February 1975. The Labour Party in government under Harold Wilson. It was the week of the Conservative leadership election that brought Margaret Thatcher to the top of her party. In The Observer, Clive James, whose weekly TV column was always the first thing one turned to on a Sunday morning, was engaged in his favourite sport, baiting Michael Parkinson:
This week’s number 2 lady superstar was Helen Mirren, who squared off against Parkinson (BBC1) in yet another doomed attempt to scale down her vitality within the limits of the medium’s butter-brained expectations. Parky kept referring to ‘your physical attributes’, apparently oblivious to the fact that his gesturing hands were busy grasping a pair of imaginary breasts. La Mirren bashfully dodged such frivolous questioning but seemed all unaware that no other form of questioning was available – as a serious actress she seemed to think that the true topic for the evening, serious acting, was somehow being purposely held back. The truth was, of course, that it had never been conceived of: whatever Parky might be, he isn’t devious. When she told him that Playboy was a disgusting magazine, there was no reply, the opinion doubtless having been dismissed as an aberration. She sneezed. Her shoulder-strap fell down. O! that I were a glove upon that hand! That I might touch those physical attributes!(Clive James, Observer, 16 February 1975, Review section, p28)
Thirty years later, and the man himself is in apologetic mood:
… you can really admire someone, and long to meet them, only to be disappointed when you do. My first meeting with Helen Mirren was like that. I enjoyed her as an actress and thought she was a beguiling woman, an intriguing blend of intelligence and sex appeal. When she first came on the show she wore a revealing dress and carried an ostrich feather. This might have accounted for a clumsy line of questioning about whether or not her physical attributes stood in the way of being recognised as a serious actor. Ms Mirren bridled and wondered if I was asking if breasts prevented her from being taken seriously. I was wrong-footed and blundered on to a point where I could feel her hostility. We didn’t meet again until many years later, and we recalled that first meeting. Helen said she thought I behaved like a complete ass and I couldn’t disagree.(Michael Parkinson, Parky: My Autobiography, pbk edn, 2009, p206)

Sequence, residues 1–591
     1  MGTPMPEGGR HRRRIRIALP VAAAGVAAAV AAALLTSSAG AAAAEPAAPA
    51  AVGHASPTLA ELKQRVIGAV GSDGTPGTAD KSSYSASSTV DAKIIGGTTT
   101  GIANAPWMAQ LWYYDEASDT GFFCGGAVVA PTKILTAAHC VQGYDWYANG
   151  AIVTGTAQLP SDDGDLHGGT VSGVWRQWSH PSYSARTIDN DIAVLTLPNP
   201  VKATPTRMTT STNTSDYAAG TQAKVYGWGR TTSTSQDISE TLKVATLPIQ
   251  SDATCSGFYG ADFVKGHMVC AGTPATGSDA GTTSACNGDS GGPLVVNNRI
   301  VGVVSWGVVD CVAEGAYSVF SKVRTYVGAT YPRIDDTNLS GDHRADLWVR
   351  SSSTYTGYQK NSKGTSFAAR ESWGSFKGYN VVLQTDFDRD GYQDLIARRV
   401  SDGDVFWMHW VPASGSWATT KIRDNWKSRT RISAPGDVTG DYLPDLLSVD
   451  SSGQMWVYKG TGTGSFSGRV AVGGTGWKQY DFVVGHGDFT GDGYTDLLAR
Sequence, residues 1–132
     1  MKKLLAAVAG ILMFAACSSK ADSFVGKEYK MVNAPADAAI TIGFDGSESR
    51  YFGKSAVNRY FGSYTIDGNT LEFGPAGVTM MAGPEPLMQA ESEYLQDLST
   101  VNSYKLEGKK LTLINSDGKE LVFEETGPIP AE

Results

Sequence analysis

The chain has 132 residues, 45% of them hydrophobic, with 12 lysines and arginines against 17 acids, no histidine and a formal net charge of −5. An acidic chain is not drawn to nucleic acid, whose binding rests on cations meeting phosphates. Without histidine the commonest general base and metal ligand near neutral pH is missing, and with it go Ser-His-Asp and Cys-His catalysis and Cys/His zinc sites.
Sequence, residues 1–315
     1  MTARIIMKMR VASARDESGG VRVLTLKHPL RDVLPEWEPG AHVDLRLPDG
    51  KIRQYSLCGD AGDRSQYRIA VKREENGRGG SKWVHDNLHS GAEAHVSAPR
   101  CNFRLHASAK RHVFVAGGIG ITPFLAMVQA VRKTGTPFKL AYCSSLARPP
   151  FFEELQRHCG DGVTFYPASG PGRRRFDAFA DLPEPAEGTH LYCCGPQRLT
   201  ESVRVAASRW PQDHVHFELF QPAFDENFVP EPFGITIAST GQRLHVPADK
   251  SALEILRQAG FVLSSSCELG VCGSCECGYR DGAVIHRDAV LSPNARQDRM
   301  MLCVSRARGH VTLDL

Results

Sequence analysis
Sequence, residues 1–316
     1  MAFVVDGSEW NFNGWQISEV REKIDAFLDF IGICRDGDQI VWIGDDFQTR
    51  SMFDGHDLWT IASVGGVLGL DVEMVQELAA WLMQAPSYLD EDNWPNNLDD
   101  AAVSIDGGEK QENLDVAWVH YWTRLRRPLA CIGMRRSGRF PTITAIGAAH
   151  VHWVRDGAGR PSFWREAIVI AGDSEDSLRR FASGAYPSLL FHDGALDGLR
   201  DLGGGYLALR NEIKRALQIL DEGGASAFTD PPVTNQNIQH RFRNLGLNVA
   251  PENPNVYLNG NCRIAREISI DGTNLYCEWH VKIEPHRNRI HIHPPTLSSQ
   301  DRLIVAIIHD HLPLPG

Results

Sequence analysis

I remember watching this interview when it was originally broadcast. I squirmed. The nation squirmed. Perhaps I squirmed more than most – an adolescent punch-drunk on literary studies, imagining myself some obscure vassal and Mirren my liege-lady:
She look’d as grand as doomsday and as grave;And he, he reverenced his liege-lady there…(Tennyson, ‘The Princess’)
It was hard to visualise Parky crammed into the stalls at The Other Place, Stratford, or peering down from the gods at the Aldwych. Cricket was his thing, surely, not Shakespeare? Since then, the whole interview has been issued on DVD (in a box set of her work for the BBC) and, inevitably, uploaded to YouTube.
It makes curious viewing now. These days Dame Helen is a frequent guest on chat shows. She comes across as amiable and relaxed. She’s happy to answer questions on any subject under the sun and can be relied on to deliver herself of headline-grabbing – and occasionally bonkers – opinions. She seems unfazed by, even prepared to laugh about, some of her past indiscretions, positively basking in the admiration that is now accorded her (and not averse to milking the applause, I notice, as she makes her entrance). In 1975 her younger self was much more suspicious of the publicity machine. And with good reason: in portraying her as “Stratford’s very own sex queen” (a notorious headline of the day), the British media were a threat. They could undermine the seriousness of purpose which radiates from all the work she did at the time (which was primarily in theatre – she had little profile as a film actress when this was recorded). Sure, the Parky interview is “sexist”, though not particularly so by the standards of the time, or the standards of his other interviews. What seemed to bug her was not so much the line of questioning as the fact that he refused to “spit it out” (as she put it). Euphemism was the enemy here. Once he’d embarked on a risky interview strategy, old-school gallantry held back the Greatest Living Yorkshireman from naming of parts.